While resellers of cellular service have long been part of cellular channels to market, the recent growth of strongly branded Mobile Virtual Network Operators (MVNOs) is creating a new way to compete for current subscribers and offering opportunities for significantly increased Average Revenue Per User (ARPU). These carriers are entering a crowded and competitive market, with more than two-thirds of U.S. residents current cellular subscribers, and more than 20 MVNOs in operation and many in the planning stages.
This complex environment requires a deep understanding of the true demand and marketing challenges that will determine how these MVNOs succeed and thrive. To understand consumer interests and behaviors toward MVNOs, In-Stat has released a report based on a structured survey of 1,017 present cellular users and those with plans to obtain service within 12 months.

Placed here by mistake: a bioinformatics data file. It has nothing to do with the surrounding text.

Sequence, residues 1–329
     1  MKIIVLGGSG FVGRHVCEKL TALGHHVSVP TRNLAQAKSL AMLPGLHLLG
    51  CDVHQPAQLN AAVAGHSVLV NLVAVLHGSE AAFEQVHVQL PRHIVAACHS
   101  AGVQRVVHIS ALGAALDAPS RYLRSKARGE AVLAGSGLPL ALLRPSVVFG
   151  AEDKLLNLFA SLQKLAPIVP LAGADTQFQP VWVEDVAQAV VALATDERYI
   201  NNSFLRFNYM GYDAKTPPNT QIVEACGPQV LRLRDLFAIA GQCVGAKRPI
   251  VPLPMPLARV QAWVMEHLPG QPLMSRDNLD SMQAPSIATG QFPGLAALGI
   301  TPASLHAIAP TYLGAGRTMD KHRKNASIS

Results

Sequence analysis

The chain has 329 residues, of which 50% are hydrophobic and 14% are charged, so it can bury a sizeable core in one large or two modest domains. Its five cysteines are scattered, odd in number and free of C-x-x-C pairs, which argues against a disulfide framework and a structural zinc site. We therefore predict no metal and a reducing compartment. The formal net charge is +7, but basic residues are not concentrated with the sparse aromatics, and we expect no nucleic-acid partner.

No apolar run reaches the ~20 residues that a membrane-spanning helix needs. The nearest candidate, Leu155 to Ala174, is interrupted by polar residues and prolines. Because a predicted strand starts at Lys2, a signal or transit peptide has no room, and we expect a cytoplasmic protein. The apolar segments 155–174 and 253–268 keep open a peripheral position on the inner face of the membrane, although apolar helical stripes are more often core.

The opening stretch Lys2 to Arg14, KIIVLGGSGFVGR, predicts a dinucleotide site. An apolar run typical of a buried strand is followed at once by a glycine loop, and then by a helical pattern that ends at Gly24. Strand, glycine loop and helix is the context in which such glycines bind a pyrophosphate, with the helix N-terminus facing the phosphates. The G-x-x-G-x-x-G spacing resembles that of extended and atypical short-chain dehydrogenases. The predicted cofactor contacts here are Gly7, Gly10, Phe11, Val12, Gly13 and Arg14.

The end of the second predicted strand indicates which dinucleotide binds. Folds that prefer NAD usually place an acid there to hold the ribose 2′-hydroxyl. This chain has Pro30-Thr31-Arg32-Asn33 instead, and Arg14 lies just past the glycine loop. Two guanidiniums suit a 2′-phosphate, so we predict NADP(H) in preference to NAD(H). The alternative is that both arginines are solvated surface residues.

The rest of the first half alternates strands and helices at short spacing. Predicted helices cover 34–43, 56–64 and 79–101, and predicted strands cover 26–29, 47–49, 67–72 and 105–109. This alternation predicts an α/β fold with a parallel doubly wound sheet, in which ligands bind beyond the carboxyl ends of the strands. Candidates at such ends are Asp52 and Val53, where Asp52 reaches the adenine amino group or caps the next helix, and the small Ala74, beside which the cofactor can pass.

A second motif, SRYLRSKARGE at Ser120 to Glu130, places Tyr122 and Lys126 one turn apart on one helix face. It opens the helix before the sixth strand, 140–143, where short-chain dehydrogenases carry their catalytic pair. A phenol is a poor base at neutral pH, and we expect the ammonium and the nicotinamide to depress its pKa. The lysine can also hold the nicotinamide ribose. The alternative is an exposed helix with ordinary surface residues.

Some of the key findings from the high-tech market research firm's report include:
* About 80% of both planned and current cellular subscribers would consider buying service from an MVNO.
* Compared to other providers, customers of the smaller U.S. national carriers are likely to churn and represent potential prospects for MVNO services.
* Most wireless purchasing decisions are based on three main factors: coverage, service quality and price.
* Consumers considering wireless usage may be swayed by payment flexibility and cash payment options.
* Respondents who are not yet wireless customers will likely talk less than current subscribers; however, they offer a greater potential for usage of data services.
* Consumers considering wireless usage believe they will purchase ring tones and games more than current wireless users.
* Consumers considering subscribing to wireless services will want to see camera phone/MMS services, in particular, as well as SMS/instant messaging and PIM services as part of the offering. Both current and planned wireless users express the most interest in subscribing to wireless services offered by major consumer electronics brands and non-wireless telecommunications companies.